“His position, if it is not already untenable, will become completely untenable if he faces any kind of police sanction. If the parliamentary party then give him another 12 months in office by backing him in a confidence vote, I don’t think the voters will be best pleased.”

Though further confidence letters are unlikely to be submitted during next week’s recess while MPs are away from Westminster, exposure to constituents’ anger over Partygate may harden their resolve to bring the matter to a head before May’s local elections.

Pressure on the PM has mounted after Tory predecessor Sir John Major said his actions had “shredded” the UK’s reputation overseas.

Mr Johnson has sought to draw a line under the scandal with a shake-up of top personnel at 10 Downing Street, and is understood to have lined up a private lawyer to help him defend his actions if he is questioned as a suspect by police.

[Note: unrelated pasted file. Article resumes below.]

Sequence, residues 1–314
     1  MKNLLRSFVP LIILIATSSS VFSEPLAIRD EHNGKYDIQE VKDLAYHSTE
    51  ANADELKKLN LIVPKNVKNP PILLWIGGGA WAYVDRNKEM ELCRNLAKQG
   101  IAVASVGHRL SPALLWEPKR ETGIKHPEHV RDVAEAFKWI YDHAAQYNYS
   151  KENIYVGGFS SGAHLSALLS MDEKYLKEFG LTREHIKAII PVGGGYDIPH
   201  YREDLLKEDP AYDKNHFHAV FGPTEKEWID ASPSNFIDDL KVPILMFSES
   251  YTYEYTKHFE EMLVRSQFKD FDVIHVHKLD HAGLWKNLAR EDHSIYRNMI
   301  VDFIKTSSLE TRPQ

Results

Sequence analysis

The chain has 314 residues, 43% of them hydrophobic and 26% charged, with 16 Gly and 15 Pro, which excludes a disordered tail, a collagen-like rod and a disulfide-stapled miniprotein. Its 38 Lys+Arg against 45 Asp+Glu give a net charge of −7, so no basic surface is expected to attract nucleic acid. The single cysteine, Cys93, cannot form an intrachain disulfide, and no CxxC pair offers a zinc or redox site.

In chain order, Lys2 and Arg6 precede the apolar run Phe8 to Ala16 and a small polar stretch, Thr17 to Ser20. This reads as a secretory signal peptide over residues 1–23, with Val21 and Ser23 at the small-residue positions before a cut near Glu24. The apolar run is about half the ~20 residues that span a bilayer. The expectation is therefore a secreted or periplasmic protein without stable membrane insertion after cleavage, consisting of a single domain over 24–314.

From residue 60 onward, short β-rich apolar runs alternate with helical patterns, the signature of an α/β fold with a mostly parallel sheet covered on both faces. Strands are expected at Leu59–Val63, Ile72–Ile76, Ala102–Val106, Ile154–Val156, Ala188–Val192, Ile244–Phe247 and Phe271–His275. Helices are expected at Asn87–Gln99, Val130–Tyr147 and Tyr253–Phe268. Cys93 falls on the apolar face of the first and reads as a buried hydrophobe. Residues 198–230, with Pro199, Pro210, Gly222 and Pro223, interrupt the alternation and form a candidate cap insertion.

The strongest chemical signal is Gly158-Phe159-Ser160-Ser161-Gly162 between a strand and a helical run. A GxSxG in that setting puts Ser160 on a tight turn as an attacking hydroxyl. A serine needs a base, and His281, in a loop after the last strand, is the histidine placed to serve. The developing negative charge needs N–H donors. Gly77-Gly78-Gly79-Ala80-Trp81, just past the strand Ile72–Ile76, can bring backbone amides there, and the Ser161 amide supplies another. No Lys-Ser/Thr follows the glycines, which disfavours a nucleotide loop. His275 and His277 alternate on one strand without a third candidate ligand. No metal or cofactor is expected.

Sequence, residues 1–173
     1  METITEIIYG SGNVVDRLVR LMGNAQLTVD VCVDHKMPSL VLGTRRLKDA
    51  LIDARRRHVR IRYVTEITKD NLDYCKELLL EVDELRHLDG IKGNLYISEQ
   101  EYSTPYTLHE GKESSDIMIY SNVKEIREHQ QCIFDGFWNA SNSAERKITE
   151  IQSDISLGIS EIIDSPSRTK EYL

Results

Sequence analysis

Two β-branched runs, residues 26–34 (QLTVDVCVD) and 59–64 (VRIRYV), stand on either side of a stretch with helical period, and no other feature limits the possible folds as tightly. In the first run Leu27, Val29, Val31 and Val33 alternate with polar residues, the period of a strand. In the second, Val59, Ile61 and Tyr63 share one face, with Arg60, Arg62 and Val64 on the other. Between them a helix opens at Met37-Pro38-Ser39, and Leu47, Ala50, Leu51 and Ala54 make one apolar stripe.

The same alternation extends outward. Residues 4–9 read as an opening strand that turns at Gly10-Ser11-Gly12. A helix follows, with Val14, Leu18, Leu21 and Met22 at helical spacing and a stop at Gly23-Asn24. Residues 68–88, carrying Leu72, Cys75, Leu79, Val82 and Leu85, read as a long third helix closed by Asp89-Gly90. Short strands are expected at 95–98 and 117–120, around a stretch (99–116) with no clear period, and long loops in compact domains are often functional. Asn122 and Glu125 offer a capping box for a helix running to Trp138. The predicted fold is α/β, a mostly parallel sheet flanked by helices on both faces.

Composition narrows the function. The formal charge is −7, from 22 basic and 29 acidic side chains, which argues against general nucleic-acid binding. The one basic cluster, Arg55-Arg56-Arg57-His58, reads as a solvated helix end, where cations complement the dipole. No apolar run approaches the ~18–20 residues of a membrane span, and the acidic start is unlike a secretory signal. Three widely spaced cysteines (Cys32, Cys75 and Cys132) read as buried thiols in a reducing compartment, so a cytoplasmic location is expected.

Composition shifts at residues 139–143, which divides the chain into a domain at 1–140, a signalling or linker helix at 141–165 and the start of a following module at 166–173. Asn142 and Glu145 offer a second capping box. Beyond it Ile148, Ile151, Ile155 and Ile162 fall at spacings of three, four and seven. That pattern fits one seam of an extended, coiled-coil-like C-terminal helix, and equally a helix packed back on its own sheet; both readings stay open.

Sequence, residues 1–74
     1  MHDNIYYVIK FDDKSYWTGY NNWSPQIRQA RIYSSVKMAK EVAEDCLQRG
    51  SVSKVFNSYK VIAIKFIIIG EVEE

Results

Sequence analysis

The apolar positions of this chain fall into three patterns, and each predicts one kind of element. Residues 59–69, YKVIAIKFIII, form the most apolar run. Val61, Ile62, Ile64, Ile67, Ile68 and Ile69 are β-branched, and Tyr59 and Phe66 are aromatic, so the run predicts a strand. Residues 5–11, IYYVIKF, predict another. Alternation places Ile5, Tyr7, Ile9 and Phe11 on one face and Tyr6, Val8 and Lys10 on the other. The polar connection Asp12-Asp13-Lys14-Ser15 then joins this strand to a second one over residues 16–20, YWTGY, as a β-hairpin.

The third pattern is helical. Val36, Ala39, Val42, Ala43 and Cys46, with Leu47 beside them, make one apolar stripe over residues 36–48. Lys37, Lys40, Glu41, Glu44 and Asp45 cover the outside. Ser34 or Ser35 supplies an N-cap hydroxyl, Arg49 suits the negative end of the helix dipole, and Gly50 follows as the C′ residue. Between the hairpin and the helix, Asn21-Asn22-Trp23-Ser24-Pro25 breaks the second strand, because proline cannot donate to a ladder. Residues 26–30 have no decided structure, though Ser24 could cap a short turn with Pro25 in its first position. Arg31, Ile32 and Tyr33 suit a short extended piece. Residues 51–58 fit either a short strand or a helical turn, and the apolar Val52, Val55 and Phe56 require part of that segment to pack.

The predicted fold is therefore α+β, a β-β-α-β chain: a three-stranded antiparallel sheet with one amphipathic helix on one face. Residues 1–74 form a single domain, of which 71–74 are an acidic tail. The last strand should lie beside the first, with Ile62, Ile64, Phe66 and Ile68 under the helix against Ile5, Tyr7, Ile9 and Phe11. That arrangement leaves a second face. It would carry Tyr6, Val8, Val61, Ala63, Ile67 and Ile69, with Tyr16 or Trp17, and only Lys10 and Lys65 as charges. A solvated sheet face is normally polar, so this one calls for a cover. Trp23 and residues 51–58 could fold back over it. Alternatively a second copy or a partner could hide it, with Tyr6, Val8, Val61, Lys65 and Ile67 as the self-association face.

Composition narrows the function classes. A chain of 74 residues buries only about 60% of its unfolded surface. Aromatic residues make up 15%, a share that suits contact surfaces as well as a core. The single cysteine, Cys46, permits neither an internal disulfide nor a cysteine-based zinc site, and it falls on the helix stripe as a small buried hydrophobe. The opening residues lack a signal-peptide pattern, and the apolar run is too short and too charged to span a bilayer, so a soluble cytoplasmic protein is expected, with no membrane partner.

The prime minister is believed to be among around 50 individuals linked to Downing Street who have been sent police questionnaires about their involvement.

Outgoing Met commissioner Cressida Dick has said it is clear that “some but probably not all” will receive fines.

Today’s poll of 2,232 voters found that 49 per cent believe Mr Johnson should resign no matter what the result of the police investigation and Ms Gray’s probe, with a further 26 per cent who say he should go if found guilty and 16 per cent who want him to stay regardless of the outcome.

But crucially, a majority of Conservative supporters – unlike those from other parties – are willing to see him stay on if he is cleared of personal breaches.

Some 32 per cent of people who voted Tory in 2019 said he should resign now, but 30 per cent want him to go only if proved to have broken the rules, and 31 per cent to remain in office even if he is fined.